Marriage (Same Sex Couples)

Memorandum submitted by The Rt Revd Dr Alan Wilson, Area Bishop of Buckingham (MB 30)

Public Bill Committee Written Submission: Marriage (Same Sex Couples) Bill 2012-3

1. I am The Rt Revd Dr Alan Wilson, Area Bishop of Buckingham in the Church of England Dioese of Oxford. I hold three degrees in theology from the Universities of Cambridge and Oxford, including a doctorate in modern Historical Theology. I have served in my present post sine October 2003.

2. I have since 2007 published a Blog, which I was interested and amused to see mentioned (albeit obliquely) by William Fittall in his answer to Chris Bryant’s Question 64. Undoubtedly Church of England bishops hold a variety of views on the various questions around equal marriage, but I am one of the very few who has been consistently articulating wholehearted support for this measure.

3. I felt Mr Fittall’s dismissal of my point of view, though understandable, underlined the difficulty some senior representatives of the Church of England seem to have in being heard, if they deviate from the party line.

4. I was interested that Mr Fittall should call any publication on a blog "private." To date my blog has had over a million pressings since 2007. My views are personal, but not private! In order to help the committee to gauge the real state feelings among members of the Church of England more accurately, I would like to offer the following information about the responses I have received since making public my support of marriage equality, and the conclusions I draw from them:

5. I have received just over 500 messages of one sort or another, pretty much all so far as I can tell from Christians. This implies that most others in society have moved on from fretting about this subject, if not to full  acceptance, to an acknowledgment that gay people are just people like them, and what people get up to in bed is their own business.

6. about 80% have been supportive. These include some 20-30 deeply personal testimonies from gay couples, telling of love and faithfulness, sometimes against terrible odds over many years. Legal recognition will not make these relationships stronger, but it will de-stigmatise them. Among practising Christians, I have received "Don’t tell my vicar, but..." and "not in my name" messages that imply a need for more openness, confidence and honesty, especially where clergy have attempted to whip others into shape behind a conventional party line. I would not characterize all Evangelical Christians as anti. Many of them are far more thoughtful, nuanced and even conflicted, with a strong Evangelical instinct that is not about last ditching a particular interpretation of the Bible but striving to be good news to real people. The vast majority of local Churches try to be personally welcoming to all.

7. Of the 20% opposed, about 90% can only be seen as expressions of crude prejudice and bigotry. The phrase "I am not  homophobic, but..." seems to indicate "soft or hard homophobic statement coming up! But I’m not prepared to own it." I need to say that the vast majority of these comments have been anonymous. Some of them are more genteel than others. I have been told that gay people are lice, animals, insects, should be aborted before birth, disgusting, perverted, sexually voracious, mass murderers and sub-human - all these for just being gay. It is simply false to claim there is no homophobia in the Church. There is plenty of it, apparently, and I fear that if Church leaders do not wake up and act to tackle it, the Church will become, even more than it already is, a last ditch for soft or hard prejudice that has now faded elsewhere in society.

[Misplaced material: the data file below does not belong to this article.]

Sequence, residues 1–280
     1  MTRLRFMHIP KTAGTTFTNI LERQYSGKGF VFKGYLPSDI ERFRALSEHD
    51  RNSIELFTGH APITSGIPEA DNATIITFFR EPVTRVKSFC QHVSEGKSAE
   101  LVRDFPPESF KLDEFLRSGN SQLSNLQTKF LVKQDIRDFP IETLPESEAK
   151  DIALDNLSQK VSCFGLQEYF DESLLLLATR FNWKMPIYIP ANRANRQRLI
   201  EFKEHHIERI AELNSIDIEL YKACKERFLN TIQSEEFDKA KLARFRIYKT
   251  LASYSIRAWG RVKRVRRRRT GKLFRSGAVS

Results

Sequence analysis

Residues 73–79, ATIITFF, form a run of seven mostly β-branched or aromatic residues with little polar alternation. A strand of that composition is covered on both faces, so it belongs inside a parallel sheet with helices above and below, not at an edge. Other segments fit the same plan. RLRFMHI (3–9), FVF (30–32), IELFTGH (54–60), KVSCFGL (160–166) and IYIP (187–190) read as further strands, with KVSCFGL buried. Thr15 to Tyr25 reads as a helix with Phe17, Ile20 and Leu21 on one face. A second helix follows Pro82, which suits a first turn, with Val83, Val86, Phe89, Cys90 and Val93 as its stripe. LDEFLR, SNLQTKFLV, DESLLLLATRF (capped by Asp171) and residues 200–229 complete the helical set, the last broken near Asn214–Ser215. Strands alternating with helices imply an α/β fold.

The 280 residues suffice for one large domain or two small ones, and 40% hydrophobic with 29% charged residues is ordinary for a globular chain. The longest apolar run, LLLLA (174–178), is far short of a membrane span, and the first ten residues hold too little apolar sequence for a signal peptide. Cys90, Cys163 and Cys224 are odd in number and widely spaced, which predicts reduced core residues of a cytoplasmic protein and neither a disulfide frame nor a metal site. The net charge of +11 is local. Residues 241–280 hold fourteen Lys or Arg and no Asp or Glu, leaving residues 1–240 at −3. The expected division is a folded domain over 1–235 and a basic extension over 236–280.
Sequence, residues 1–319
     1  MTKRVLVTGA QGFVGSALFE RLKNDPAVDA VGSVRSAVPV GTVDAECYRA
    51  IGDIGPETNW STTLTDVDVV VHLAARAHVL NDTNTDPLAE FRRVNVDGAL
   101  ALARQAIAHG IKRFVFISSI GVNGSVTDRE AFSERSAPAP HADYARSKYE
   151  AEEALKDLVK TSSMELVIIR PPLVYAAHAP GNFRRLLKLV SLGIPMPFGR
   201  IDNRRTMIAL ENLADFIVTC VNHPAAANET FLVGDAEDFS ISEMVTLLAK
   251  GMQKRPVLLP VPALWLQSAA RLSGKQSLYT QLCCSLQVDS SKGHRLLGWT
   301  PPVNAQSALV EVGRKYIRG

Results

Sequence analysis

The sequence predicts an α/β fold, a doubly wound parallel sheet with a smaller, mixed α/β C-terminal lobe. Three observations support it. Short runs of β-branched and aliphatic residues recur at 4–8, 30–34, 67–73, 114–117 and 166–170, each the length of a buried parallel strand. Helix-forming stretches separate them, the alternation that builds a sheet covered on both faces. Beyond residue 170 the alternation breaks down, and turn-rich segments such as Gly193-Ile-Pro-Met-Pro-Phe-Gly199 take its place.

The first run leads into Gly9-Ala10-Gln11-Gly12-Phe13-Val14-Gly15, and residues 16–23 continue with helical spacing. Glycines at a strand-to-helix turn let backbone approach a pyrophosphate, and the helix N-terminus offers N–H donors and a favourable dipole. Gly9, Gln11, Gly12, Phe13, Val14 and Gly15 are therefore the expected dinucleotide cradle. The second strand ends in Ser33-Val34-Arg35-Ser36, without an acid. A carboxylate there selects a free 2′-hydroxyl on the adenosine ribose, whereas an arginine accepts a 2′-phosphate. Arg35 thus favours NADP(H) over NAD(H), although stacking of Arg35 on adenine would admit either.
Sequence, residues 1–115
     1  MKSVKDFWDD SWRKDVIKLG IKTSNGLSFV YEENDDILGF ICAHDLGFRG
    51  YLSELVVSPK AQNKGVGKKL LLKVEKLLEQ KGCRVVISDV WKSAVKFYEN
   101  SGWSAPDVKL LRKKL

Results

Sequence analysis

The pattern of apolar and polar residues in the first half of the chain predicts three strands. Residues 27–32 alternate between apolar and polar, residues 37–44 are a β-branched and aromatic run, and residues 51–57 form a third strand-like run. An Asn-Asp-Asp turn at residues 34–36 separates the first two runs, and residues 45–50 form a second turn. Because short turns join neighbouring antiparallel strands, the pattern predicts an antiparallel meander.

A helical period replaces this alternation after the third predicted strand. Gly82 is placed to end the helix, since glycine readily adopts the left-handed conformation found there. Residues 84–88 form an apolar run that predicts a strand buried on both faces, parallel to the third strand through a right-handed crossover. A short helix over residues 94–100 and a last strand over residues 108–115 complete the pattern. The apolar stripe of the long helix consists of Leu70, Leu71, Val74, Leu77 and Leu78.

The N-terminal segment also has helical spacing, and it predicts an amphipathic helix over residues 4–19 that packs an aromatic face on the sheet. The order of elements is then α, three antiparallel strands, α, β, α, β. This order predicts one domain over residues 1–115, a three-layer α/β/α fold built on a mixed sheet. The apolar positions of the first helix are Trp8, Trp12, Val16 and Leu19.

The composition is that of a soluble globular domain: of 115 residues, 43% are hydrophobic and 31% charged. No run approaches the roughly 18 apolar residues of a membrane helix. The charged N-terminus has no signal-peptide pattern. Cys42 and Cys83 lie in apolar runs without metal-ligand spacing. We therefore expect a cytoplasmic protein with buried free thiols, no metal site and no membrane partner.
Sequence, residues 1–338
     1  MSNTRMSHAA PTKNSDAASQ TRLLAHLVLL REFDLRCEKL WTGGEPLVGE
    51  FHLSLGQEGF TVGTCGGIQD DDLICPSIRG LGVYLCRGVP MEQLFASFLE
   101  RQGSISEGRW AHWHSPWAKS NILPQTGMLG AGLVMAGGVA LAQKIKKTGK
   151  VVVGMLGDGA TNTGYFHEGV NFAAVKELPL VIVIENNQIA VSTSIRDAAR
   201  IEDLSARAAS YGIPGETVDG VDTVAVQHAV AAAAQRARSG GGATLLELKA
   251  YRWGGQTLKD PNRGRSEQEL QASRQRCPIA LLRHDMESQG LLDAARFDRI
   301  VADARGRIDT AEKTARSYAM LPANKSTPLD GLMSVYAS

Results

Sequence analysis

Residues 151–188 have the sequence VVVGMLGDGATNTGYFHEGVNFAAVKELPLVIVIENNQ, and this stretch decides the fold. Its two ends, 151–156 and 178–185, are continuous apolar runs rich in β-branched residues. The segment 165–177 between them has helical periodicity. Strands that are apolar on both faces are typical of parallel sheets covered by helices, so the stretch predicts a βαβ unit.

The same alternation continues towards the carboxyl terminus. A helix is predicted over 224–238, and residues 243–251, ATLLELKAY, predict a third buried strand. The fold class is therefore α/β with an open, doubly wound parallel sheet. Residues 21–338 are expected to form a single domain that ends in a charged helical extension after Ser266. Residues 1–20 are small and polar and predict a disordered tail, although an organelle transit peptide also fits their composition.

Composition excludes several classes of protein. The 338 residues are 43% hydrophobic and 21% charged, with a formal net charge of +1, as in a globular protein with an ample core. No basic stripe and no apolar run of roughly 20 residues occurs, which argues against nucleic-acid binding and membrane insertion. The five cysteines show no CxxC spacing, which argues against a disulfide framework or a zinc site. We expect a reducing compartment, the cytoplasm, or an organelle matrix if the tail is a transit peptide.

8. Another anti trope has been "Bishop you are trying to be kind, but you are encouraging BUGGERY!!!" (the last word underlined in green biro till it goes through the paper.) A fair number of otherwise inoffensive Church people insist on defining gay people by what they imagine they must get up to in bed, with a prurience and obsessionality that is disturbing.

9. Within the 10% of 20% more reflective unfavourable comment, I have made new friends, and discovered a capacity to engage with this among Christians, however reluctantly, that is impressive. Some messages were initially very hostile and angry with me. When I engaged with them on one positive point about which we might agree, the façade crumbled and we were able to have interesting and fruitful conversations.

10. I have enjoyed about half a dozen really thoughtful, helpful and reflective conversations with very Conservative Evangelical Christians - nuggets of gold amidst a steaming pile of more general railing and abuse.

11. I think I am tending towards two general conclusions about the core problem for most of my anti correspondents, which is not marriage but homosexuality in itself.

12. I have during this time returned to my college notes of the tiny number of Bible passages that could possibly bear directly on this subject. Many (many? there are only 5 anyway) are not entirely clear in their meaning, and none demand entirely obvious interpretation and application. Many simply use these "clobber texts" to construct a chain of sound bites that just happen to reinforce their basic instincts. There is a crying need for more rigorous reading of the text where homophobic readings used to be adequate to the needs of a homophobic society, with whose norms they easily conformed.

13. Either Homosexuality is seen as an anomaly or offence against nature, or a phenomenon within nature’s broad spectrum of sexual identities and thus part of Creation. Where my correspondents stand on this question seems to define where they position themselves on equal marriage.

February 2013

Prepared 27th February 2013